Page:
Instagram users went a little crazy yesterday, after a number of very high-profile accounts — everyone from Marc Jacobs to Adriana Lima to Carine Roitfeld — began posting the same screenshot of text claiming to outline imminent changes to Instagram’s terms of service. “Don’t forget tomorrow starts the new Instagram rule where they can use your photos,” said the now viral post. “With this statement, I give notice to Instagram it is strictly forbidden to disclose, copy, distribute, or take any other action against me based on this profile and/or its contents.”
It all sounded very official, so many people took the statement at face value and reposted it to their own accounts without actually checking to see if it had any basis in reality. As it turns out, it does and it doesn’t. On the one hand, it’s an old screenshot — one that has been popping up every few years since about 2012, when Instagram was first purchased by Facebook. On the other hand, some of the rights it claims Instagram has over your content are, in fact, accurate. Instagram doesn’t own your photos, but when you post anything on the platform, you give Instagram the right to use, distribute, alter, and even license those images as they choose. It’s the price Instagram charges for using their app for free. This is nothing new, though. It is part of the terms of service you agreed to when you first downloaded the app, and it is non-negotiable, no matter how many screenshots you post asserting your personal sovereignty. (If you want to read more about exactly what rights Instagram has to your photos, there is a great article on The Fashion Law that lays it all out in an easy-to-understand list.)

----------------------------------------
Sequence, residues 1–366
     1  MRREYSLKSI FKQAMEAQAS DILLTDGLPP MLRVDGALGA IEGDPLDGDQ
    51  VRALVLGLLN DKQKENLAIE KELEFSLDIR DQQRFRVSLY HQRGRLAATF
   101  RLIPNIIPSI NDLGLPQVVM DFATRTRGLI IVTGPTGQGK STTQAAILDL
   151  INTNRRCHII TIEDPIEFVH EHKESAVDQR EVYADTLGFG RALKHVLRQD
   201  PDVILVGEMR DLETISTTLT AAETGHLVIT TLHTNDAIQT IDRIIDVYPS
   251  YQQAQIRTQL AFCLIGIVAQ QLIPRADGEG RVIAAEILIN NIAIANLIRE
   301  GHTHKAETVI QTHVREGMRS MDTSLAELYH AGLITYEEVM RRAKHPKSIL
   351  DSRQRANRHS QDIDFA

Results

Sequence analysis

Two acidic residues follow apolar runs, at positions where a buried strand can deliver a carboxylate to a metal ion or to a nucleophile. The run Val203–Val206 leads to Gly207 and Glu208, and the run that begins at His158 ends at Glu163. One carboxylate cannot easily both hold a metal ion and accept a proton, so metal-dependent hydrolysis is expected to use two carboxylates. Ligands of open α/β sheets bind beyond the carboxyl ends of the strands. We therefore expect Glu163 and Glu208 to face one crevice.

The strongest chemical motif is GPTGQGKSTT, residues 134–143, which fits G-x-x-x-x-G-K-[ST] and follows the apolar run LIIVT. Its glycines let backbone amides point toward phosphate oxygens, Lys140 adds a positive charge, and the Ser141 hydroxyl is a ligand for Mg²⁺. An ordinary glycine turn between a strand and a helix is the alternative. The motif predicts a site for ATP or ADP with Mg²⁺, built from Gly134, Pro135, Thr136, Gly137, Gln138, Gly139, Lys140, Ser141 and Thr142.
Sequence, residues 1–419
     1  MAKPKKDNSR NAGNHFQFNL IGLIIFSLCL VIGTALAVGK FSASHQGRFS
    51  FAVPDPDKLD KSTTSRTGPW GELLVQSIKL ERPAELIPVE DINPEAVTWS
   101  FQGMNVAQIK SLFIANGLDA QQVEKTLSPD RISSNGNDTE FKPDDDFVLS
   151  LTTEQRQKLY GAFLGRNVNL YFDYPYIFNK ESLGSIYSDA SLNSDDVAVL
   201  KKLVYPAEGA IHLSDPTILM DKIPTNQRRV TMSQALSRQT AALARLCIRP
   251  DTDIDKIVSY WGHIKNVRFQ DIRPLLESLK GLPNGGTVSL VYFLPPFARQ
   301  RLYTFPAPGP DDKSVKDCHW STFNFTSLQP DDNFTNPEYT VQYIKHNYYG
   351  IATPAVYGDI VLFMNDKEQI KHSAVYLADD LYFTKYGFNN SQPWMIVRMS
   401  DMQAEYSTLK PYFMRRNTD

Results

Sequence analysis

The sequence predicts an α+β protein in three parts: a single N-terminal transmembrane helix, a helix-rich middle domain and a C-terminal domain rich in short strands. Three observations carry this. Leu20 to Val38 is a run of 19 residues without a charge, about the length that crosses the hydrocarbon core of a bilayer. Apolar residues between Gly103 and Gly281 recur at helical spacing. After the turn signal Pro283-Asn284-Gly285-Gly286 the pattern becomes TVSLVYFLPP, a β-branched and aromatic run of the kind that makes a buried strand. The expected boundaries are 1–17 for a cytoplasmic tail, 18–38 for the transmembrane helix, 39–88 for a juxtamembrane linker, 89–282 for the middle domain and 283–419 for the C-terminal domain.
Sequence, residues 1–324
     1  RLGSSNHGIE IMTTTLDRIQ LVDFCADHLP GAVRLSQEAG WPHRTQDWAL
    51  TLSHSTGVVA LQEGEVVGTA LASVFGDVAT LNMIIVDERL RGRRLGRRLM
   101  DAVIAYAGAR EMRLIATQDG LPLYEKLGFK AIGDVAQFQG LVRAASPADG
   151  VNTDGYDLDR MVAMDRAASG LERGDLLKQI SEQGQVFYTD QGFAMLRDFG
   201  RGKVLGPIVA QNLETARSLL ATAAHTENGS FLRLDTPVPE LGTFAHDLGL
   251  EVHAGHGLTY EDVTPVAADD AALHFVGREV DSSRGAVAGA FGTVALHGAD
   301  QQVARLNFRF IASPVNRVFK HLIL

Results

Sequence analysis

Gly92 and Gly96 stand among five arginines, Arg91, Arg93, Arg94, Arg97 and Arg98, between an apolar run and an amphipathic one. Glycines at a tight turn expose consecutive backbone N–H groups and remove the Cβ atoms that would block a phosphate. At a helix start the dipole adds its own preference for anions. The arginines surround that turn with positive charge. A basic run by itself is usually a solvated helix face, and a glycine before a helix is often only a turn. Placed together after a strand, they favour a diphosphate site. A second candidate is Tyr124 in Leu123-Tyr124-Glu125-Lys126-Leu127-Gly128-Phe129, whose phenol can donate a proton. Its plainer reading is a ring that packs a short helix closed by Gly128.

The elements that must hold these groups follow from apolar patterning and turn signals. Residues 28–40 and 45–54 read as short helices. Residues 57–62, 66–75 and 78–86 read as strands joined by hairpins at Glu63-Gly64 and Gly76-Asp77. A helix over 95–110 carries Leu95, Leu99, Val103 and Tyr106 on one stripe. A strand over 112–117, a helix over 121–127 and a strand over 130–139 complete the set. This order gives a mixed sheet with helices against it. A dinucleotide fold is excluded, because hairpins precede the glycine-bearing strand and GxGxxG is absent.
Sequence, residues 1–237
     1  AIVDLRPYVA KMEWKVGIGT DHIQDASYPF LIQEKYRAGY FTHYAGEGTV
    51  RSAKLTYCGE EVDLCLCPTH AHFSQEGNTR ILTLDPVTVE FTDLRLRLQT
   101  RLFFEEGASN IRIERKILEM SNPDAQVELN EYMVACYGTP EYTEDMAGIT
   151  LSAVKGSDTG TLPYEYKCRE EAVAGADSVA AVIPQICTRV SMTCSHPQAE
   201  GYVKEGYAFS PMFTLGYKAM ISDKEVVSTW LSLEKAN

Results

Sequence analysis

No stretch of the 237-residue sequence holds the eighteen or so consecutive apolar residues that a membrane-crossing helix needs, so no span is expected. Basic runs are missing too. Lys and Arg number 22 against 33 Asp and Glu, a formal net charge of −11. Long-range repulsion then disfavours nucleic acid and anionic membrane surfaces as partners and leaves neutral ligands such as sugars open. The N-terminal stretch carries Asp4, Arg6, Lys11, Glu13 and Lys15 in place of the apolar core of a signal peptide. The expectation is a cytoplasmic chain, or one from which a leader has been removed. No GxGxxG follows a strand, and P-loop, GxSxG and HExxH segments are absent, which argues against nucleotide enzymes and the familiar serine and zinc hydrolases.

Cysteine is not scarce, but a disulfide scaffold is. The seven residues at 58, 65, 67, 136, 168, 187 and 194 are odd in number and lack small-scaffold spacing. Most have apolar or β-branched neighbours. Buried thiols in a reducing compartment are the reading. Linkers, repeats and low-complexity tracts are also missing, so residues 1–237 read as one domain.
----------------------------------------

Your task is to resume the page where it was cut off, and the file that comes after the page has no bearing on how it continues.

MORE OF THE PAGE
Instagram’s actual terms of service aside, the screenshot is really just part of a recurring hoax, one that, this time around, managed to snare some very well known fashion and media personalities. However, there were a handful of celebrities who clocked the viral screenshot for what it really was and posted clever parodies on their own accounts in response. Here are a few of the best. If you were one of the unfortunate people who was duped this time around, hopefully these will take some of the sting out of the experience.
And here are a few non-celebrity responses to this whole situation that are also pretty spot on.
View this post on Instagram
Dear Instagram, you may share my photos if you find me a husband or send me cases of vodka with a bartender (with option of being my husband). Oh, and verify my account because there’s not many “Hanuk” out there. Thank you. #TempGram because I’ve been drinking shit load of rosé. Who am I really? 🍸
Let this be a lesson to all of you: next time, before you take something you read on Instagram (or anywhere for that matter) as fact and act on it, take just a minute to do a little Google search and find out for yourself if what you are reading is really true. Especially if whatever it is that you are reading is in the form of a meme. Memes may feel true, but they seldom actually are and the proof can usually be found on page one of any web search of the meme’s main text. Of course, knowing this probably won’t change your actions in the slightest, but at least we tried.